Facebook is culture. It’s etiquette. It’s inside our language and our love lives. And it changed us all in eight short years.
Our relationship with mainstream Facebook? It’s complicated.
We love watching far-flung friends grow up before our eyes. We love sharing our accomplishments in pursuit of the life-affirming Like. We hate fumbling through layers of privacy, maintaining relationships with people we dislike, and suffering the minutiae of life in the town square.
These notions will persist, since social media isn’t going anywhere. But every great empire falls. As its forerunners did, Facebook will grow heavy under its own girth, decay from within, and collapse.
The question is, when and why will it happen?
Many analysts agree it won’t be soon. It’s likely we’ll look back on Facebook 2012 as a golden age for the company. Its traffic and user base have climbed ever skyward thanks to its posture not only as a social network, but as an identity platform — a critical piece of online infrastructure.
"I actually don’t think anything would kill Facebook in any near-term scenario," says David Kirkpatrick, the journalist who literally wrote the book on Facebook’s ascendance. "But I do think that Facebook could enter into a phase of decline, based on a lot of different possible developments."
The Regulatory Challenges of Building a "Parallel Internet"
For decades, the Internet has been a distributed entity. No one person or company owns it. There are rules about names and numbers — how computers can talk to each other. But if you want to access or create content there, no one can stop you.
But imagine a world where Facebook is so critical to personal and corporate identity that you couldn’t communicate effectively without it. In order to access this "parallel Internet" you’d have to go through a single company. Legally speaking, that gets dicey, according to Kirkpatrick.
"I think regulatory interference is one thing that could radically hobble Facebook, probably not kill it," he explains. "Facebook’s role in the global economy is becoming so complex and central to communications in a very, very fundamental way. The responsibilities that come upon a company in that role are really, really challenging."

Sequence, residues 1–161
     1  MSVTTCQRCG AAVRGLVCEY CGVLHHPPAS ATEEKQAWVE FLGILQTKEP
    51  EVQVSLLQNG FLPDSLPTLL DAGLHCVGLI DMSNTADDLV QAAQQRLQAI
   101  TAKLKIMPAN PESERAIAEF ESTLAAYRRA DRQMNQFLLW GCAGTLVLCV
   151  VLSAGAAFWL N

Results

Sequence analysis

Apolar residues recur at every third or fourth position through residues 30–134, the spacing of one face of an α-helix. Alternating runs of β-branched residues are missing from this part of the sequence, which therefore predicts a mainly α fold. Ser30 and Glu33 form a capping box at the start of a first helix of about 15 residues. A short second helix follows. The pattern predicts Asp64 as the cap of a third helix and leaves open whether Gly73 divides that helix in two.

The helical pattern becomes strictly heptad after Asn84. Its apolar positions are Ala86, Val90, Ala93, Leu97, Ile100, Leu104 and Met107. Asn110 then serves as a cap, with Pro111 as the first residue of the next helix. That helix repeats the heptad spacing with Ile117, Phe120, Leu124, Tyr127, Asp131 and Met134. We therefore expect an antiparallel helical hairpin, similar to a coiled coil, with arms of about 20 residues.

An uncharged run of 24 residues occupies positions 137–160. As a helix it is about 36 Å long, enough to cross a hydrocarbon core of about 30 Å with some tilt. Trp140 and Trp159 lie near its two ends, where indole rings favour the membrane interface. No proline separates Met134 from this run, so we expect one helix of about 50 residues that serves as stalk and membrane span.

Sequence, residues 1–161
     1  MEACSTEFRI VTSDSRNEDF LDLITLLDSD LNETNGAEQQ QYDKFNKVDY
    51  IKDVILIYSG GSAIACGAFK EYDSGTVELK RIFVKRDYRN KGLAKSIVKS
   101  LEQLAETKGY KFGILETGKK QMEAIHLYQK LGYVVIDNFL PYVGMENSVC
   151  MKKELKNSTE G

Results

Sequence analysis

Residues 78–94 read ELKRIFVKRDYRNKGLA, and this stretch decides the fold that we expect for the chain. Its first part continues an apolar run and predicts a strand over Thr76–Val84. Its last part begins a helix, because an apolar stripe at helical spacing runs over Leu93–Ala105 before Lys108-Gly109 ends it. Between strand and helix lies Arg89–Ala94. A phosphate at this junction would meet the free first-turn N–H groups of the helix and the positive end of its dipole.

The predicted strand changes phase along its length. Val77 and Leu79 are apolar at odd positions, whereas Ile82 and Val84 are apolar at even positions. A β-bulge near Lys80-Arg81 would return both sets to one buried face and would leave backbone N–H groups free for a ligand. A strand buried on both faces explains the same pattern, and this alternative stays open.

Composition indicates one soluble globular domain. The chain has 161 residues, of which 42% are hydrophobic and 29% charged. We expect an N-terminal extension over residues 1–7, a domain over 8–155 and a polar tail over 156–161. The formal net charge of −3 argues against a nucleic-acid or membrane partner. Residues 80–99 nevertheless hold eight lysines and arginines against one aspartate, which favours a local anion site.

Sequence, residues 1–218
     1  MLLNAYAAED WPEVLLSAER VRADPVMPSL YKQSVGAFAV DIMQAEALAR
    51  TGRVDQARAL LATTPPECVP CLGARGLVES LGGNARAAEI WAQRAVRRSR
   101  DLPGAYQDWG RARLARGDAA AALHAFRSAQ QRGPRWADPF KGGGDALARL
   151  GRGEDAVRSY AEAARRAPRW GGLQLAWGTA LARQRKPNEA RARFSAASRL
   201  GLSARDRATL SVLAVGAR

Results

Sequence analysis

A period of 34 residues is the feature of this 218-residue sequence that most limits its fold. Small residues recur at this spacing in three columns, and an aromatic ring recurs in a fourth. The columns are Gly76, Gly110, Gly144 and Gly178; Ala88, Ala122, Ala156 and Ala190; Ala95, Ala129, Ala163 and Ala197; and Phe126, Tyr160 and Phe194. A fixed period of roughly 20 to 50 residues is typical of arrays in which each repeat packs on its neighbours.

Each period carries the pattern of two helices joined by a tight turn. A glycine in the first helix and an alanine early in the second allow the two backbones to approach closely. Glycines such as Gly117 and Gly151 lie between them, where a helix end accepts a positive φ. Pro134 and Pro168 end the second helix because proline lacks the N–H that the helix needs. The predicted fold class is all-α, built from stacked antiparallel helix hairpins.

To understand the implications, don’t think of Facebook as a website or even a social network, but as a telecom company.
"It’s really about the consequences of a company controlling a federal piece of Internet infrastructure, particularly one that has to do with identity," says Kirkpatrick. "I happen to believe that Mark [Zuckerberg] is very cognisant of those responsibilities and takes them very, very seriously."
Having spent a lot of time with Zuckerberg, Kirkpatrick is confident the CEO knows what he’s up against. But the pitfalls of government regulation can thwart even the most prepared.
"Regulatory interference is one thing that could radically hobble Facebook."
"Tech companies typically disregard governments until well into their lives, and historically don’t have a lot of lobbyists. Facebook basically disproves that rule. Hiring [COO] Sheryl [Sandberg], Mark, at a very early stage of the company’s development, signaled his own understanding of the central role of government in Facebook’s success." says Kirkpatrick, referring to Sandberg’s prior role as chief of staff for the US Treasury Department.
Beyond regulatory challenges, the very notion of an Internet operated by a single company defies the promise of the web, according to Alexis Ohanian, co-founder of the social news site Reddit and author of the forthcoming book Without Your Permission.
"A private Internet is the antithesis of the open Internet, which is a public good we all own, work and play on," Ohanian says. "I don’t believe it’s sustainable, because it’s the openness of the Internet that makes it so valuable. It’s the most level playing field in the world."
Ohanian is confident that the majority of web users won’t stand for a closed future.
"I can launch an idea today and start drinking the milkshake of all the incumbents tomorrow, based solely on the merit of my creation. I shouldn’t have to get permission to build on someone’s 'private Internet,"' he explains.
"People will be content in Facebook’s Internet until the experience sours or something better comes along."
Mashable is the largest independent news source covering digital culture, social media and technology.
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